In the fourth round, Grigor Dimitrov overthrew what was becoming his bête noire on the circuit. The Bulgarian gave the surprise of the day at the Shanghai Masters 1000 and beat the main favorite, Carlos Alcaraz, 5-7, 6-2 and 6-4.
The Murcian, who from the looks of his draw seemed headed towards the semi-finals, collided with a Dimitrov whom until recently he had measured perfectly. He had defeated him in the three matches they had played, without giving up a single set, and on all possible surfaces.
But Dimitrov made sure this was not another walk by the world number two. Taking advantage of the doubts that Alcaraz had with the break balls from the previous match against Dan Evans, the Bulgarian struck first and went 2-4 up in the first set. It was not a surprise, since Dimitrov had already led a set in the previous duels, but he always struggled when it came to closing. And this was no exception. In a very good game for the rest of Alcaraz, Dimitrov was not able to seal the first set and with that break another two games in a row escaped him. He went from 3-5 to 7-5, which for a tennis player known for his poor ability to react in difficult situations and his mental weakness seemed to be a grave.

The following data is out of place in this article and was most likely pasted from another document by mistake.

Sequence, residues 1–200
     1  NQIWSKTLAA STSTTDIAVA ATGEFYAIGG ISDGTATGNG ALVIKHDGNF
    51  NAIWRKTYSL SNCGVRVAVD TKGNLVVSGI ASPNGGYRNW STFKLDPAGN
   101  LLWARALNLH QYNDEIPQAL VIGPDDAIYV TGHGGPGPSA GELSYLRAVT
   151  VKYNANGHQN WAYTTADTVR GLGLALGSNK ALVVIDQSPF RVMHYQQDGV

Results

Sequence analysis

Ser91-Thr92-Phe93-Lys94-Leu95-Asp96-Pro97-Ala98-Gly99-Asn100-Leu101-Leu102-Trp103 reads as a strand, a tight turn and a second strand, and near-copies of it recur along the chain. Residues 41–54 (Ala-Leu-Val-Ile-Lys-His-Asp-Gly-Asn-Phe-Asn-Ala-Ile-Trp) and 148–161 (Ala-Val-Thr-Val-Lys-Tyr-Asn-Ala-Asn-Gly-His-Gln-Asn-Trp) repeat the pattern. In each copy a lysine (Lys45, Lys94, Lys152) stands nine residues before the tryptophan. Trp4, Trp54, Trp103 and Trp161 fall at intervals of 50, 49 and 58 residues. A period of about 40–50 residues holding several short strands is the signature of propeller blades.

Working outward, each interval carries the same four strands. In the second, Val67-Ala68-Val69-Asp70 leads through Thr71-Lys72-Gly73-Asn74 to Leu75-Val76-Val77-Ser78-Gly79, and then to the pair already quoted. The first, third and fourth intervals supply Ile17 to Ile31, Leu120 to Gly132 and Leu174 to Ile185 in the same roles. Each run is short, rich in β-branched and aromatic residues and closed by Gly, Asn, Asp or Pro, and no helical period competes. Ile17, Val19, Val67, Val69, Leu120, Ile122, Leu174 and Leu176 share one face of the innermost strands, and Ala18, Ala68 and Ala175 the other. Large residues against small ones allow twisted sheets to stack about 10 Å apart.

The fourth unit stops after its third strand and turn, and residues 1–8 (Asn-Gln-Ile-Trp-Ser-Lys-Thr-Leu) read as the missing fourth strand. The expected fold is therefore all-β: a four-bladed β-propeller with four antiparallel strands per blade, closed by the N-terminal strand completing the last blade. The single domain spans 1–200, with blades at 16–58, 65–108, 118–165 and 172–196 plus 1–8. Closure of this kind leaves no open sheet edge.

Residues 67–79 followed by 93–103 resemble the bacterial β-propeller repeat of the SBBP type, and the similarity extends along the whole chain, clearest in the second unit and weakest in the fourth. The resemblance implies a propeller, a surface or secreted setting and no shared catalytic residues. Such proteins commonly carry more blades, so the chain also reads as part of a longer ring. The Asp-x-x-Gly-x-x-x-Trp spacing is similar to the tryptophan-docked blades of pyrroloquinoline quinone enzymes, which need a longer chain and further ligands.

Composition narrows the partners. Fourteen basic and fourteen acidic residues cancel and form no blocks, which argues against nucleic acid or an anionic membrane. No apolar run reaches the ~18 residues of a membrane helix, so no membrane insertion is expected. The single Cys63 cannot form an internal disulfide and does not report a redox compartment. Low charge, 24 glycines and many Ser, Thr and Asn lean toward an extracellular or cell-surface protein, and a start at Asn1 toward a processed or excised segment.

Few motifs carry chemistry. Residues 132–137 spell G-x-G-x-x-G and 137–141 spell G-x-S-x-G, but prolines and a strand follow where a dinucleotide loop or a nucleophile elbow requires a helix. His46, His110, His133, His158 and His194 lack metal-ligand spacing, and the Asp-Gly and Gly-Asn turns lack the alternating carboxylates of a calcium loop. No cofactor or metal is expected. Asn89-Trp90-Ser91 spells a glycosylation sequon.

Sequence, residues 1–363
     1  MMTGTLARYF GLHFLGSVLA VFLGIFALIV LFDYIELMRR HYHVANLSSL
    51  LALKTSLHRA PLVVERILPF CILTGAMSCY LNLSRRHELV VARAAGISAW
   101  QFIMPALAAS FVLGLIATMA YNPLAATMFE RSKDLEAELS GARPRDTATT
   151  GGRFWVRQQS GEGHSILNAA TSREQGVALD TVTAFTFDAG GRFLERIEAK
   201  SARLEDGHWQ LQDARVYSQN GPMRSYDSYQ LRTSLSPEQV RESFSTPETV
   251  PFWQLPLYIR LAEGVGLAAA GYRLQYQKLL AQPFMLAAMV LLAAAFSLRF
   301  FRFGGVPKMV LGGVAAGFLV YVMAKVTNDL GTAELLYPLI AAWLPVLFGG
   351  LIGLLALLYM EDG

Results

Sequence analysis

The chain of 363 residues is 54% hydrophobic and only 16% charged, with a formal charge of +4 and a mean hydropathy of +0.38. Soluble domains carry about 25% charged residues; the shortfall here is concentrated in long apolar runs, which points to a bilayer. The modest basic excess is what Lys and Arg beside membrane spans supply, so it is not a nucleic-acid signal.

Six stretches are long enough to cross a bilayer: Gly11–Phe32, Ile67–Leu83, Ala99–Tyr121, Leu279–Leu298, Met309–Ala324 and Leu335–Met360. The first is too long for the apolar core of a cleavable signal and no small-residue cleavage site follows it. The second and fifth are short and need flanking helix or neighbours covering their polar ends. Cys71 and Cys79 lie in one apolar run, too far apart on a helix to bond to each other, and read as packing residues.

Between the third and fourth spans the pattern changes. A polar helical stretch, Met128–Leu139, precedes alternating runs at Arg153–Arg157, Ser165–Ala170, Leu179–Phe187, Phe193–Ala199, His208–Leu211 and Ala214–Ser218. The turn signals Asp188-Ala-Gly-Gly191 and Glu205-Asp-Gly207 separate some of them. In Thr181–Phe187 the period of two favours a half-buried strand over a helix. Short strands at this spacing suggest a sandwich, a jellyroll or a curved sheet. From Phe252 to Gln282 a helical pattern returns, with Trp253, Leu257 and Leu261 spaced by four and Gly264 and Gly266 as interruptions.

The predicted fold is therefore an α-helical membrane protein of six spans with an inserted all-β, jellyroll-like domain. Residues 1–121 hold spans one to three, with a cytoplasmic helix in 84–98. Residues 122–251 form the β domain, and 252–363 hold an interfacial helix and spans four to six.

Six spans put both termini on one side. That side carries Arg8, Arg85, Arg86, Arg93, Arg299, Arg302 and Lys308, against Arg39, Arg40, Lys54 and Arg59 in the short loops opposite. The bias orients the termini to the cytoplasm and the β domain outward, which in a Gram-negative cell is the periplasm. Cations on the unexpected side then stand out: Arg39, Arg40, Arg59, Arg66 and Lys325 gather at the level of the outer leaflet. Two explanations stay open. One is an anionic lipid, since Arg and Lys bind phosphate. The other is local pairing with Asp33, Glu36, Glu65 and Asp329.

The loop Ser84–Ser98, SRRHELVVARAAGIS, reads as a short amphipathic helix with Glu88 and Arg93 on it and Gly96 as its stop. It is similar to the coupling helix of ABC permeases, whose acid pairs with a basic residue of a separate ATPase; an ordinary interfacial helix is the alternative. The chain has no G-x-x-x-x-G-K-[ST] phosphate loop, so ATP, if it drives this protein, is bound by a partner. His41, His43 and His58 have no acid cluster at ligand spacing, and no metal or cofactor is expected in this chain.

The ingredients for another easy victory for Alcaraz were there, but Dimitrov castled that it was his day. He once again laid the first stone in favor of the second set and this time he was in charge of doubling the advantage. With two breaks in his favor, closing became much less of an uphill climb for the Bulgarian, who for the first time in his career took a set from Alcaraz.
Despair and anxiety
This began to exasperate the Spaniard, who was more angry than usual, as he demonstrated with a loud scream after sending a right hand long. At that point, Alcaraz had already handed over command of the final partial. Dimitrov took advantage of a terrible rise from the Spaniard with a second serve at the net, the result of his desperation and anxiety, to break his serve. He had the match in hand, he just needed to not lose serve to score his second consecutive victory against a ‘top five’, after also beating Holger Rune in Shanghai. Curiously, before this tournament he had lost twelve matches in a row against tennis players in this ranking.
And this time his pulse did not tremble. In his next four service games, he only gave up five points in total, and with a shot he sealed the first victory of his career against Alcaraz.
The Spaniard, eliminated in the semifinals in Beijing and in the round of 16 in Shanghai, leaves the Asian tour 3,040 points behind Novak Djokovic, so the Serbian will continue to accumulate weeks at the top of the rankings until at least the ATP Finals in Turin. On the road to Turin, Djokovic leads Alcaraz with a 50-point lead.